In President Joe Biden v. Knight First Amendment Institute at Columbia University, handed down on Monday, the Supreme Court tossed out a lower court ruling which held that, in blocking people on Twitter, President Trump violated their First Amendment rights. The case doesn’t matter: Trump’s no longer president, so the whole thing is moot. What matters is the concurrence written by Thomas, which laid out a roadmap for possible government regulation of companies like Google, Facebook and Twitter.
The thrust of Thomas’s argument:
Today’s digital platforms provide avenues for historically unprecedented amounts of speech, including speech by government actors. Also unprecedented, however, is the concentrated control of so much speech in the hands of a few private parties. We will soon have no choice but to address how our legal doctrines apply to highly concentrated, privately owned information infrastructure such as digital platforms.
It changes nothing that these platforms are not the sole means for distributing speech or information. A person always could choose to avoid the toll bridge or train and instead swim the Charles River or hike the Oregon Trail. But in assessing whether a company exercises substantial market power, what matters is whether the alternatives are comparable. For many of today’s digital platforms, nothing is.
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The Epstein position, Sacks thinks, has it right. “Why try to incentivize good behavior by threatening to punish Big Tech? Just require it. That’s what the common carrier solution does.”
I think Sacks’s view of the big picture here is quite convincing:
“When speech got digitized, the town square got privatized and the First Amendment got euthanized. If you can’t speak online — or if your ability to speak online is controlled by a tiny handful of companies with no due process — how do you really have a free speech right in this country any more?” he said. “Imposing a common carrier obligation on Big Tech would prevent these corporations from doing what they are doing now: discriminating on the basis of creed.”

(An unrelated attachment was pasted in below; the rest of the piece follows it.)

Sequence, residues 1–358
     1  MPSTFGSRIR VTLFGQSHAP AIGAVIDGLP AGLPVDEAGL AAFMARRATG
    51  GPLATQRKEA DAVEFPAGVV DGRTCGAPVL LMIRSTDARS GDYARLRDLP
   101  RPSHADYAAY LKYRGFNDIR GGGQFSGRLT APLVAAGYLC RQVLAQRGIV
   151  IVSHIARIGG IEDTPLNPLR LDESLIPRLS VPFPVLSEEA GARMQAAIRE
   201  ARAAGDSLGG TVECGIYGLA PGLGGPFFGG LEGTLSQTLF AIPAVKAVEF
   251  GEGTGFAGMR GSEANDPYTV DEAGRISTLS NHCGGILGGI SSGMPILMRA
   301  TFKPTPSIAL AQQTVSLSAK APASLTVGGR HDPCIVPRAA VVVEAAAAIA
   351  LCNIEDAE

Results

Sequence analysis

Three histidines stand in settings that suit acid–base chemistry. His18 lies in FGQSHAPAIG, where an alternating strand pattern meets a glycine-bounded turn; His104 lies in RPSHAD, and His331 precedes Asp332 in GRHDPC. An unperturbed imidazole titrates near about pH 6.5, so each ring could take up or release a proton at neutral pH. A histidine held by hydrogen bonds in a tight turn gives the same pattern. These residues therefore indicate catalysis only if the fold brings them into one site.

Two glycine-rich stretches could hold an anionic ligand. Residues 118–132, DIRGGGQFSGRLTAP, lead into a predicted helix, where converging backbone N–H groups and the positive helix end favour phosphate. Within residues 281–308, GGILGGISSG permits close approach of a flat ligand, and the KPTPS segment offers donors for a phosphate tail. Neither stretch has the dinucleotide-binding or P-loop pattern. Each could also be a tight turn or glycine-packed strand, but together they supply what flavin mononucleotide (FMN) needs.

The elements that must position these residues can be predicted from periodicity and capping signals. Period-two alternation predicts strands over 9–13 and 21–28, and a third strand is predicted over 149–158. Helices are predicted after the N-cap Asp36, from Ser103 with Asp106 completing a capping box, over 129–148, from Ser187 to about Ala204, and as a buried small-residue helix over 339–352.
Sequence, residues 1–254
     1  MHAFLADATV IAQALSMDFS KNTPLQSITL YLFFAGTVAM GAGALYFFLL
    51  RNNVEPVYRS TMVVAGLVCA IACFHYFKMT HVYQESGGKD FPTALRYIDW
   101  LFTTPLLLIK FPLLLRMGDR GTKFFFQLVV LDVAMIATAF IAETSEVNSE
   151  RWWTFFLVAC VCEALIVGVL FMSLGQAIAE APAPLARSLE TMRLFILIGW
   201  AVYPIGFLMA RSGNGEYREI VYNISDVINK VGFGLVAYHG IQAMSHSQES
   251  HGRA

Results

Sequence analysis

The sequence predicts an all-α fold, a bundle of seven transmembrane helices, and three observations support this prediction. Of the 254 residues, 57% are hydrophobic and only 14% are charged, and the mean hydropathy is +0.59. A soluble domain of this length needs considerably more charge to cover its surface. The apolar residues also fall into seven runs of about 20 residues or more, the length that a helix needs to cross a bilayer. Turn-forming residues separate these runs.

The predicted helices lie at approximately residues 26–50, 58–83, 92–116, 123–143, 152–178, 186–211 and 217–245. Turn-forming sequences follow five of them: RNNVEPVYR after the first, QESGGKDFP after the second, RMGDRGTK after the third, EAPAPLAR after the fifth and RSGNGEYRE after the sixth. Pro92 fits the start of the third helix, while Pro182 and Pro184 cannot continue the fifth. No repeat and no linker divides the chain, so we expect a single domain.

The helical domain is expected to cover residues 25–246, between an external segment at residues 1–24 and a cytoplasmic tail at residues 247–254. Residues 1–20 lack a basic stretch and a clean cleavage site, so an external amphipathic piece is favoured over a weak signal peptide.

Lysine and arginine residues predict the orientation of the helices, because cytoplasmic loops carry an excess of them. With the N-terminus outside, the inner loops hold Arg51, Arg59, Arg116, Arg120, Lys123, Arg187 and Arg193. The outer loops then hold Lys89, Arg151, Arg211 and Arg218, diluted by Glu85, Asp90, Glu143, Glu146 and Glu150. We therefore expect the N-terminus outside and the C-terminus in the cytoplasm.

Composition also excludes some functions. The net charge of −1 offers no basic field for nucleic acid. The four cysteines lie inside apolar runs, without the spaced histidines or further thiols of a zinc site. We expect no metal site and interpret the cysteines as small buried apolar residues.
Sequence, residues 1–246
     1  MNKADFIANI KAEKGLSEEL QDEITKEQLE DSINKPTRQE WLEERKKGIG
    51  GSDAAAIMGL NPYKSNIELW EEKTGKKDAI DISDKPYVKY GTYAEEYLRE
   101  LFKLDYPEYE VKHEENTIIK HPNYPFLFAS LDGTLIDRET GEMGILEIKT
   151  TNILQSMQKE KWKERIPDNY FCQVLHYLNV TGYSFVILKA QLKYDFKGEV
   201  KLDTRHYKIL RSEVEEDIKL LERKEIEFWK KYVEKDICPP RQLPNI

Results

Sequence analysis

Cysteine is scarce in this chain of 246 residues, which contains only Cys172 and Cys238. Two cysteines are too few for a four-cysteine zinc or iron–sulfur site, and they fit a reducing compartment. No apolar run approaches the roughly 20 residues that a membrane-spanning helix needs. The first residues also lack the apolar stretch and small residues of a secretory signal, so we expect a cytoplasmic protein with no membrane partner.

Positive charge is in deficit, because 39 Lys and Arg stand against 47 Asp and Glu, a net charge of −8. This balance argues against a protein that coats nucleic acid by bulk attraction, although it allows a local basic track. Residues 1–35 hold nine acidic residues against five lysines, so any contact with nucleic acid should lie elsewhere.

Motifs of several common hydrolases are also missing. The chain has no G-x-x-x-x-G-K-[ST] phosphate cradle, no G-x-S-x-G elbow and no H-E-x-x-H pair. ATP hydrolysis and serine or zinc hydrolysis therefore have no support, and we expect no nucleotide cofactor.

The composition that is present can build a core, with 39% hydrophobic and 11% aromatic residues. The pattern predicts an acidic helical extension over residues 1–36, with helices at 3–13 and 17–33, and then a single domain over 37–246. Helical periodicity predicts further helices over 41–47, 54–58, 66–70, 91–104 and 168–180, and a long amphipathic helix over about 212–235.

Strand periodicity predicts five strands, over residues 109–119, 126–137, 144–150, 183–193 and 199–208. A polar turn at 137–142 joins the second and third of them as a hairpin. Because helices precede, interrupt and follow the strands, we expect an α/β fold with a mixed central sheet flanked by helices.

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When Dr. Seuss’s estate discontinued six of his titles over apparent racism, that’s one thing. When eBay decided they would not allow the reselling of those titles? That’s something else.
When 60 Minutes decides to selectively edit an interview with Florida Gov. Ron DeSantis, that’s one thing. But when YouTube decides to delete a video of the governor criticizing the various Covid-19 policies with physicians and scientists? That’s something else.
Big Tech companies insist that they are just removing “disinformation” and “hate speech” from their platforms, but as we’ve seen, these are terms with ever-evolving definitions. Tom Cotton’s June Op-Ed in The New York Times, for example, was literal violence according to more than 800 New York Times staffers. Never mind that Cotton’s argument was one at least 60% of Americans agreed with.
Read the rest – it’s good!